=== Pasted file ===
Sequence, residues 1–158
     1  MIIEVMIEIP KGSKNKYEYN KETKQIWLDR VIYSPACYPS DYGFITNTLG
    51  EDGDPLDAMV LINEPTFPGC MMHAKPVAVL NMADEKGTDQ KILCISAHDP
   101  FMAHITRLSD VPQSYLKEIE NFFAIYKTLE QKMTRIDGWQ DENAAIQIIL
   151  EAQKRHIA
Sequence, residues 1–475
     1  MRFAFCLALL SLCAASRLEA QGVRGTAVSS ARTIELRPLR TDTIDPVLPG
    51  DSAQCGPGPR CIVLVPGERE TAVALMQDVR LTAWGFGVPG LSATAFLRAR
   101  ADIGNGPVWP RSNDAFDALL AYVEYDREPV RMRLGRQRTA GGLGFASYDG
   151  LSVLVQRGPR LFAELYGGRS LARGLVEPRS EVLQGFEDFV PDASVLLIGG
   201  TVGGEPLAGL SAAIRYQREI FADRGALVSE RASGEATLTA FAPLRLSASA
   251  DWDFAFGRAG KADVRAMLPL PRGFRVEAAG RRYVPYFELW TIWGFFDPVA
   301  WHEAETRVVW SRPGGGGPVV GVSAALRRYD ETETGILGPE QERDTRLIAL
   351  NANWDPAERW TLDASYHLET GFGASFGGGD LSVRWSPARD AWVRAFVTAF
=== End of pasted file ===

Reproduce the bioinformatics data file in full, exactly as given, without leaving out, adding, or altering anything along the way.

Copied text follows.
Sequence, residues 1–158
     1  MIIEVMIEIP KGSKNKYEYN KETKQIWLDR VIYSPACYPS DYGFITNTLG
    51  EDGDPLDAMV LINEPTFPGC MMHAKPVAVL NMADEKGTDQ KILCISAHDP
   101  FMAHITRLSD VPQSYLKEIE NFFAIYKTLE QKMTRIDGWQ DENAAIQIIL
   151  EAQKRHIA
Sequence, residues 1–475
     1  MRFAFCLALL SLCAASRLEA QGVRGTAVSS ARTIELRPLR TDTIDPVLPG
    51  DSAQCGPGPR CIVLVPGERE TAVALMQDVR LTAWGFGVPG LSATAFLRAR
   101  ADIGNGPVWP RSNDAFDALL AYVEYDREPV RMRLGRQRTA GGLGFASYDG
   151  LSVLVQRGPR LFAELYGGRS LARGLVEPRS EVLQGFEDFV PDASVLLIGG
   201  TVGGEPLAGL SAAIRYQREI FADRGALVSE RASGEATLTA FAPLRLSASA
   251  DWDFAFGRAG KADVRAMLPL PRGFRVEAAG RRYVPYFELW TIWGFFDPVA
   301  WHEAETRVVW SRPGGGGPVV GVSAALRRYD ETETGILGPE QERDTRLIAL
   351  NANWDPAERW TLDASYHLET GFGASFGGGD LSVRWSPARD AWVRAFVTAF